5 tips for managing dysgraphia at school and at home

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Assistive Technology: Utilize assistive technology tools to support written expression. Speech-to-text software, such as Dragon NaturallySpeaking or Google Docs voice typing, can help students with dysgraphia by allowing them to dictate their thoughts and ideas instead of writing them down. Additionally, typing or using a word processor can be an alternative to handwriting, reducing the physical strain associated with dysgraphia.


Accommodations and Modifications: Work with the school’s special education team to develop accommodations and modifications that can support the student’s needs. Examples may include allowing extra time for written assignments, providing alternative formats (e.g., typed or printed materials), or using graph paper to assist with writing alignment.


Multisensory Approaches: Incorporate multisensory learning techniques that engage multiple senses simultaneously. For example, students can practice forming letters in sand, shaving cream, or textured surfaces to enhance muscle memory. Additionally, using colored pencils or markers for writing and highlighting can help improve focus and organization.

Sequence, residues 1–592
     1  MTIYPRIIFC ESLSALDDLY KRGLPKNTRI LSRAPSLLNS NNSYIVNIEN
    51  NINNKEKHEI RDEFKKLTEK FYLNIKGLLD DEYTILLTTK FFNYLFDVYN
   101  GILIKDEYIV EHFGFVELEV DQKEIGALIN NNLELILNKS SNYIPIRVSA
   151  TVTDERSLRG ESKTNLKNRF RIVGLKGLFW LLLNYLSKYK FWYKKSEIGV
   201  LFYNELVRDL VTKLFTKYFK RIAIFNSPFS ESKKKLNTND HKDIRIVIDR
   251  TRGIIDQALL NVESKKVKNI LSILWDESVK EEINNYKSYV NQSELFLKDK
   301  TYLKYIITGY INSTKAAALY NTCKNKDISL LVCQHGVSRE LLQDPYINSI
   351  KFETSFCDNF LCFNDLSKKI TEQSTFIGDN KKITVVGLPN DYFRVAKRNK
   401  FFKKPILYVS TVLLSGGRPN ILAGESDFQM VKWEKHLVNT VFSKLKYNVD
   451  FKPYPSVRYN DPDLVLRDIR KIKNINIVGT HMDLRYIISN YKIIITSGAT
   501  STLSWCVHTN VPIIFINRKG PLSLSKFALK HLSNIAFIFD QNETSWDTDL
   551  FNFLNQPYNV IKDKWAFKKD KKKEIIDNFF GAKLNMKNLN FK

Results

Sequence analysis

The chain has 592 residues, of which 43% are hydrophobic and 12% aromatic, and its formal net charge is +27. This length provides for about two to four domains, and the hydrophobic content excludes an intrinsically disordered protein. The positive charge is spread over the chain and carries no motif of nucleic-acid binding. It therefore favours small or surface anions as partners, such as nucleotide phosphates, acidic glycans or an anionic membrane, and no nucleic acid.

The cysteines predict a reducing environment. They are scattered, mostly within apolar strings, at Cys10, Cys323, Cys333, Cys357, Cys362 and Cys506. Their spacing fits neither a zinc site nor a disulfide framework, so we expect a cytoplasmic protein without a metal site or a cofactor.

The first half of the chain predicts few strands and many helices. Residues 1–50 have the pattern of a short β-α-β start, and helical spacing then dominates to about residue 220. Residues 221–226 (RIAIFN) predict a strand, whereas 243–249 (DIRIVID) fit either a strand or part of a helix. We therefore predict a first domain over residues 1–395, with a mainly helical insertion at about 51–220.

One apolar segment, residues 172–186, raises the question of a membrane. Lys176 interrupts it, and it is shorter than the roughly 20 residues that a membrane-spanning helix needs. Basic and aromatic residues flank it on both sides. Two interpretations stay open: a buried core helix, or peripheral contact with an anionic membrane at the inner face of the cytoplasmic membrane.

Pre-writing Strategies: Teach and encourage pre-writing strategies to help students organize their thoughts before writing. This may involve creating outlines, mind maps, or graphic organizers to visually structure ideas. Breaking tasks into smaller, manageable steps can also alleviate anxiety and improve overall writing performance.


Occupational Therapy: Consider seeking support from an occupational therapist who specializes in dysgraphia. They can provide individualized strategies to improve handwriting skills, fine motor coordination, and overall writing abilities. Occupational therapists may also recommend exercises and activities that can be practiced at home to reinforce skills learned during therapy sessions.


Remember, it’s important to work collaboratively with teachers, parents, and professionals to create a supportive environment that addresses the unique needs of the student with dysgraphia.